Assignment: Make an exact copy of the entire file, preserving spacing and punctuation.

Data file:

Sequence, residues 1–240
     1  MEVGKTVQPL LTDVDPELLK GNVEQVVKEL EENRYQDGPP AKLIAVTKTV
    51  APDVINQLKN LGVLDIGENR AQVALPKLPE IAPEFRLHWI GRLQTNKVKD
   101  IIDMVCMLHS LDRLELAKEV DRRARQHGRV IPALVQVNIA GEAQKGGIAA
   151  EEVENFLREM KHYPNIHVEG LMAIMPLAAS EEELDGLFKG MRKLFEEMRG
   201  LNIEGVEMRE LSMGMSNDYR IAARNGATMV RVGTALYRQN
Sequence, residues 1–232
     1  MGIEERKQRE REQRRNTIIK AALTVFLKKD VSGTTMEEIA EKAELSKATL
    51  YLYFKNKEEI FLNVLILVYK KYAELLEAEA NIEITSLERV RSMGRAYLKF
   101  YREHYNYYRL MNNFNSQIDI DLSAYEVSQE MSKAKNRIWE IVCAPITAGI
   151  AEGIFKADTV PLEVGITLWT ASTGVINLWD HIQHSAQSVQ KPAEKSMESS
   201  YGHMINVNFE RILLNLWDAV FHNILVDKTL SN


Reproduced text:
Sequence, residues 1–240
     1  MEVGKTVQPL LTDVDPELLK GNVEQVVKEL EENRYQDGPP AKLIAVTKTV
    51  APDVINQLKN LGVLDIGENR AQVALPKLPE IAPEFRLHWI GRLQTNKVKD
   101  IIDMVCMLHS LDRLELAKEV DRRARQHGRV IPALVQVNIA GEAQKGGIAA
   151  EEVENFLREM KHYPNIHVEG LMAIMPLAAS EEELDGLFKG MRKLFEEMRG
   201  LNIEGVEMRE LSMGMSNDYR IAARNGATMV RVGTALYRQN
Sequence, residues 1–232
     1  MGIEERKQRE REQRRNTIIK AALTVFLKKD VSGTTMEEIA EKAELSKATL
    51  YLYFKNKEEI FLNVLILVYK KYAELLEAEA NIEITSLERV RSMGRAYLKF
   101  YREHYNYYRL MNNFNSQIDI DLSAYEVSQE MSKAKNRIWE IVCAPITAGI
   151  AEGIFKADTV PLEVGITLWT ASTGVINLWD HIQHSAQSVQ KPAEKSMESS
   201  YGHMINVNFE RILLNLWDAV FHNILVDKTL SN